The inclusion of citric acid in the most preferred embodiment of the beverage composition, described above, serves a number of purposes, but may be readily substituted by one or more other ingredients, well known to those of skill in the art, which other ingredients may serve one or more of the same purposes. For example, the citric acid lowers to about 4.3 the pH of the most preferred embodiment of the beverage composition which is described above. The citric acid serves to improve the palatability of the product by providing tartness while also eliminating the need for retorting or aseptic packaging of the product due to its acidity. By lowering the pH of the solution to at least about 4.3, simple pasteurization will be sufficient to provide the product with a shelf-life of about six months to a year. Thus, it will be appreciated by those of skill in the art that numerous other acids may be employed to lower the pH of the beverage composition, for example, acetic acid. However, excluding acid from the composition, resulting in a pH above about 4.3, is an acceptable alternative embodiment which does not interfere with the effectiveness of the composition, but will be expected to increase manufacturing costs. Thus, as long as the pH of the final composition is no less than about 3.0 when ingested by the patient, it is acceptable for the purposes herein.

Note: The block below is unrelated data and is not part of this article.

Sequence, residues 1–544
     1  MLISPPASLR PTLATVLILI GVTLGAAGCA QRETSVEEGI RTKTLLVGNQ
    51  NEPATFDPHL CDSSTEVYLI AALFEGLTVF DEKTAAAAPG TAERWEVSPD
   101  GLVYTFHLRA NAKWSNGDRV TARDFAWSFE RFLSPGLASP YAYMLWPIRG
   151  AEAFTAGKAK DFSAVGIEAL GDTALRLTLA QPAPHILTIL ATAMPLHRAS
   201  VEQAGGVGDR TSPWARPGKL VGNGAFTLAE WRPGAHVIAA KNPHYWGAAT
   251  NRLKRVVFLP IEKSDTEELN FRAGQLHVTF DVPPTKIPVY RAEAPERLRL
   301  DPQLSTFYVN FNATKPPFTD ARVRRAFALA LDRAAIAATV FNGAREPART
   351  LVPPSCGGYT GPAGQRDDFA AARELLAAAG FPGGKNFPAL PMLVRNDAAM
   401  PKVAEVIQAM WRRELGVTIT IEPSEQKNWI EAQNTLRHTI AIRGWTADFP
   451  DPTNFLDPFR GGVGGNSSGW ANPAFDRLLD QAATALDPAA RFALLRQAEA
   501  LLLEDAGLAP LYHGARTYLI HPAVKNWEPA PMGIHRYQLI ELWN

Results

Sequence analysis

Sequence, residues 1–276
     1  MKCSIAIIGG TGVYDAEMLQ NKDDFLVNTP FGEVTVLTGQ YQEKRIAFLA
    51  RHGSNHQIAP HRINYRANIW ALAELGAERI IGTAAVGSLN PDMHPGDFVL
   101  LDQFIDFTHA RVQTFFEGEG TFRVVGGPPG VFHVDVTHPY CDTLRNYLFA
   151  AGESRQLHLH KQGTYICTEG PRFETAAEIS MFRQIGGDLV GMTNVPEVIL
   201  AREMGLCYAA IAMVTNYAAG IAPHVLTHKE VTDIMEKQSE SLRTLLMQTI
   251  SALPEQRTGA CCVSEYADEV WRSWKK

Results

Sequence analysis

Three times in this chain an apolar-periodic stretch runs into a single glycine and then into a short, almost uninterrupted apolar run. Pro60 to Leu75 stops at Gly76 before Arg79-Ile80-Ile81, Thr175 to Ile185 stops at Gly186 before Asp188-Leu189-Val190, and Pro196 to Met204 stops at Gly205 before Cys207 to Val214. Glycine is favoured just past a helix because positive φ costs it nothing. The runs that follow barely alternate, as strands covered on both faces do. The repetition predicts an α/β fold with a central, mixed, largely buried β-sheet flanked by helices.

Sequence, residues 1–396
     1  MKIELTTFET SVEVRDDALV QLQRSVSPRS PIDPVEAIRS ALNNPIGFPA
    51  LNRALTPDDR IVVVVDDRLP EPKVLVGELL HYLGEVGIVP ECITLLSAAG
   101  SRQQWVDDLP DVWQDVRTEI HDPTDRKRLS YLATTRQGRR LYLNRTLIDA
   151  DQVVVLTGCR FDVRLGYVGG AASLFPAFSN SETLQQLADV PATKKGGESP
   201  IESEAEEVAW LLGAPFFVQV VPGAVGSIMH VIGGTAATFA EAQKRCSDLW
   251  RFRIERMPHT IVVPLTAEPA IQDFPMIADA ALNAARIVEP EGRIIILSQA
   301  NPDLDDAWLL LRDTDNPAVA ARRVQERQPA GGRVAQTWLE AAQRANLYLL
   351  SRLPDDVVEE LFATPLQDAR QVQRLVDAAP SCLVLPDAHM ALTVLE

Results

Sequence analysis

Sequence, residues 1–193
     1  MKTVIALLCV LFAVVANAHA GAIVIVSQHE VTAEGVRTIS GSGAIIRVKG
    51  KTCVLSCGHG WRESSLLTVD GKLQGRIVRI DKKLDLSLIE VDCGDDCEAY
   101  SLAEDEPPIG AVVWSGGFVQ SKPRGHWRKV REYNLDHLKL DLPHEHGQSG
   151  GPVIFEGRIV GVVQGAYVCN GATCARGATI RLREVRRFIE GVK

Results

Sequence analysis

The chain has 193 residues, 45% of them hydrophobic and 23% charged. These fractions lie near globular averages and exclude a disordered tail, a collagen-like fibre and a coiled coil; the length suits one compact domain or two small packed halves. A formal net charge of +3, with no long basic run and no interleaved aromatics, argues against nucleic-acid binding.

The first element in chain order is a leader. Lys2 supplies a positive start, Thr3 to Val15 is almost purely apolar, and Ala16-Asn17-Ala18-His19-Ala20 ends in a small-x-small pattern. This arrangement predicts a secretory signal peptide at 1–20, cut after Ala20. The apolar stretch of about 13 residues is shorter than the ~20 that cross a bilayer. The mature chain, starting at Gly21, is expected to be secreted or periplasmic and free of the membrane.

With respect to the palatability of the beverage composition, as contemplated herein, numerous other flavorings may be employed in lieu of or in addition to citric acid. For example, any one or more of chamomile, licorice, peppermint, ginger, comfrey, coffee flavors, tea flavors (such as, raspberry, lemon, orange and the like), fruit flavors, vanilla, cinnamon or other flavoring may be employed to enhance the palatability of the beverage or flavor-enhancing ingredients may be excluded from the composition all together.
It may also be desirable to prepare the composition in a concentrated form. Concentrating the composition may extend its shelf life, as its acidity may thereby increased. Additionally, providing the beverage composition in a concentrated form will allow the patient to select the appropriate amount (within a prescribed range of amounts) and type of water for reconstitution to suit their personal tastes. For example, still or carbonated water may be selected, or the patient may desire to blend the concentrate into crushed ice, providing more texture to the beverage composition. Also, the patient may desire to consume the beverage composition as a small or large volume, again, depending upon their personal preferences. Alternatives along these line will be apparent to those of skill in the art and are likewise contemplated herein.